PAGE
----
HANNIBAL – A fire that destroyed the Antioch Baptist church in rural Hannibal five days before Christmas didn’t keep the congregation from celebrating the birth of Jesus.
Pastor Jack Emmite reported that for Christmas Sunday “we had a full house, a lot of our own and outside visitors” who worshiped at Smith Funeral Chapel in Hannibal.
While the members were heartsick about the fire Dec. 20, Rev. Jack Emmite, the pastor for almost 25 years, was resolute: “We are going to move forward. We will rebuild,” he said the day after the fire.
Moving forward will not necessarily be a quick process. As of late December the church was still meeting with insurance officials, and making the earliest of plans of razing the burned shell of the church, and deciding on some place where the congregation can regularly meet. Long range will be a discussion of replacing the structure.
Many local churches and Hannibal-LaGrange University also offered facilities for the church in addition to the funeral home. For the New Year’s Day service, they met in a Seventh Day Adventist church, although it was smaller and some Sunday School classes were combined.
“It’s difficult to find the right spot where we don’t interfere with other churches and we’d like to keep our same schedule. Our location is not yet solidified.”
“We are so grateful for the godly folks who have offered prayers, encouragement, and facilities,” Emmite said.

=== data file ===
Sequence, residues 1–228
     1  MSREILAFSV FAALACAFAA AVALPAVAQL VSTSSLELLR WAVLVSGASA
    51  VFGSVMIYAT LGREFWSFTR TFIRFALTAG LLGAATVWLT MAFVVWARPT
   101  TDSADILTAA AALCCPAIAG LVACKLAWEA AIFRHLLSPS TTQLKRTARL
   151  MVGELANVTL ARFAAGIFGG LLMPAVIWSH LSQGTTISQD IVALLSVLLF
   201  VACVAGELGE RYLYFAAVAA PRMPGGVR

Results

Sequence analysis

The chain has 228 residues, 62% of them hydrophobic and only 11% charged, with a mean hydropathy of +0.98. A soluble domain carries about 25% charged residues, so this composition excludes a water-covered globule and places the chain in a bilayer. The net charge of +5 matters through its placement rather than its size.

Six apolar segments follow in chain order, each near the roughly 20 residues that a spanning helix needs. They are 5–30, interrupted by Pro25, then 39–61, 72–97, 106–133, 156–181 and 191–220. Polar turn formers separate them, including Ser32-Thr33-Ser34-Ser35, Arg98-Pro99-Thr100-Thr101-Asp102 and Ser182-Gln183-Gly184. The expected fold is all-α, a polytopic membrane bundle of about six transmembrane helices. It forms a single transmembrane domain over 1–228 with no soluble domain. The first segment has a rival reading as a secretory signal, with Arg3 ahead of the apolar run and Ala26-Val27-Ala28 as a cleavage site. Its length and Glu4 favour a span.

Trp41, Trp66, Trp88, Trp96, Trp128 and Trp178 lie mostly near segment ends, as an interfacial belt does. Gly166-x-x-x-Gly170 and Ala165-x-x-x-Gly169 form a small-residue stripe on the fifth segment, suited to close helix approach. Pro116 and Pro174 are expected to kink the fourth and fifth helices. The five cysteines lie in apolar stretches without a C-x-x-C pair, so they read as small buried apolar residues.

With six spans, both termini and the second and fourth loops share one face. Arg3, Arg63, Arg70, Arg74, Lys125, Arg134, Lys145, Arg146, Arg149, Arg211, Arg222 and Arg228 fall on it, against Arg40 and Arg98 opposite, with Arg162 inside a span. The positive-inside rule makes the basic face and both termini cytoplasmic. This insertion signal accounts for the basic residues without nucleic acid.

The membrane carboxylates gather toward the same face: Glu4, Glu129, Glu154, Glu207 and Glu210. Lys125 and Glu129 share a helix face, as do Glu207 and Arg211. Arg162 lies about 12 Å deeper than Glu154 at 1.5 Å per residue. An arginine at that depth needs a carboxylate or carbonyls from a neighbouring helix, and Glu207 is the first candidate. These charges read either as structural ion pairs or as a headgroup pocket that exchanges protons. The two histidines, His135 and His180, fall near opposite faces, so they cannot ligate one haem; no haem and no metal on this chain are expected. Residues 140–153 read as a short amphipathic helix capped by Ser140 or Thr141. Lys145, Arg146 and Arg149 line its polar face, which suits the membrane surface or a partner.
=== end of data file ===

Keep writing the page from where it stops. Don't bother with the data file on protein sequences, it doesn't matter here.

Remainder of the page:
A Missouri state fire marshal and a deputy sheriff were on scene Dec. 21. Cause has not yet been determined, but Emmite said it appears to have started in the back of the church, in the basement. Part of a rear wall collapsed in the fire, breaking at least one tombstone of the church cemetery.
The church serves some 70 members and many of them were at the scene of the fire and in the following days to comfort each other and take their own pictures.
There were no injuries or fatalities, and only an older chair and a small table were salvaged.
Emmite recalled members have had baptisms and weddings and other events in the church established in 1870, bringing emotional pain.
“There were a lot of tears (of members) some had grown up in here and live close by. Even non-members who used to be here came out and offered encouragement. People were heartbroken.”
“We say it’s just a building, now we have to prove it,” said Deacon Don White.
Emmite concurred: “The community will be watching us.”
The pastor, in addition to talking with deacons and other church members was also going to “pick the brains” of people of another area Baptist church that rebuilt after a fire and one that rebuilt after a tornado.
Emmite had conducted hospital chaplain visits earlier Tuesday and came to the church about 2 p.m. to check the mail. He left a few minutes later and locked the door,
A neighbor who called 911 also called Emmite to tell him of the fire, reported at mid-afternoon Tuesday. The fire soon engulfed the structure and the roof eventually collapsed into the sanctuary and then the basement.
“No matter what. We still give praise to our Lord,” Emmite said.
Another fire occurred in the church about 10 years ago, stemming from a propane leak that caused mainly smoke damage and burned a little carpet on some stairs.
“There are so many needs to continue on. We covet the prayers of Missouri Baptists,” Emmite said.